4 stars out of 4. Immortal film.
“I bid you…welcome.”
What is there left to say about the first of the 1930’s Universal horror cycle? Everyone knows the parts of this film even if they haven’t seen it. Bela Lugosi is still imitated to this very day by children. So why does this problematic film that is so bound to the 1927 stage adaptation remain so completely relevant 80 years later?
Because it remains the foundation for nearly every type of horror film made since. It is a relic meant to be unearthed to be restudied ever October by new generations. The staginess of the production adds to this sense of the film being a cinematic fossil to be experienced like no other.
You smile even thinking about it. The Count does this for people. He brings out the deliciousness of death.
What makes the film work is it’s overwhelming charm and old world feeling. Despite not being the studio’s first choice for the role, Lugosi truly makes it his own as if he knew it would become his trademark. Nearly every aspect of the Count’s character is detailed so that you honestly believe he is some long dead eastern European nobleman. The legendary Dracula accent is deep but somewhat musical. This Dracula likes to play the games of aristocracy and work his way into the confidence of his intended victims.
The opening deal with Renfield traveling to Dracula’s Transylvanian castle in order to sell him Carfax Abbey in London. He meets with the Count and the unwitting real estate agent becomes Dracula’s pet slave, always made to do the Master’s bidding in exchange for little amounts of fresh blood from small insects. In the only other showy performance of the film, Dwight Frye establishes a completely manic yet strangely reserved character that has been burned into our collective consciousness ever since. “We’re here Masssssster!”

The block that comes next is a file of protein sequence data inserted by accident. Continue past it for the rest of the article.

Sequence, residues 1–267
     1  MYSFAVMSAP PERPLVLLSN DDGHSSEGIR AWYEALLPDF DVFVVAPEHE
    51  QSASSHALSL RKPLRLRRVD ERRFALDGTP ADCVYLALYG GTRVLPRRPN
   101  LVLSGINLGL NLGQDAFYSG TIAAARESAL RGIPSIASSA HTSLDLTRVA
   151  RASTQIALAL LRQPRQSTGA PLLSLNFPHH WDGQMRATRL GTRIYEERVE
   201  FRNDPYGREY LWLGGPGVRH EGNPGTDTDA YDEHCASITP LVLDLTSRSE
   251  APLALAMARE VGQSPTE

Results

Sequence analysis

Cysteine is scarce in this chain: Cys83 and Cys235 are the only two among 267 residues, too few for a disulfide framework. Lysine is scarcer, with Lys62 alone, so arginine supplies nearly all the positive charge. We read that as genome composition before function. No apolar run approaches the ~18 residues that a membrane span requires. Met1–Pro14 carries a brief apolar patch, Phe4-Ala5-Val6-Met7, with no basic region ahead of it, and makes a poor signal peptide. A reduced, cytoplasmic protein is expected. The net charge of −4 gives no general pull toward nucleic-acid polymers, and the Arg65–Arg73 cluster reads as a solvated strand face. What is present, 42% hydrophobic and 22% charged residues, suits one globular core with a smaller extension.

The journey to England is beyond ominous. The ship is flung about by the crashing waves as if the sea itself was trying to keep the Count at bay. It arrives in a London harbor full of all of the dead crewmen and only the mad Renfield left alive.
Dracula makes his way into town, and makes his first acquaintance with British blood. At the opera, (where else is a nobleman to go at night?) he seeks out the doctor who runs the sanitarium containing Renfield and is introduced to his two main conquests Mina and Lucy.
The remainder of the film deals with the two women being plucked off by the Count in the night and the men’s failed attempts to discover the cause behind the mysterious malady. In many numerous drawing rooms discussing the obvious they consult with the visiting Professor Van Helsing. (Edward Van Sloan in his first of several wise Doctors for Universal) The Doctor’s steely reserve is all that stands between Dracula and a vampir-ized island of the undead.
The subtleties of the subject matter are quite important for American film. For the first time in this country, a movie presented something supernatural in a straightforward manner. Gone suddenly were the days of endings that pulled the rug out from under the horrifying ideas of the unknown. Dracula horrified 1931 audiences especially because Americans were unused to being frightened by some all powerful unnatural being. It is the idea that Dracula can exist that horrifies the mind-not anything that the vampire actually does.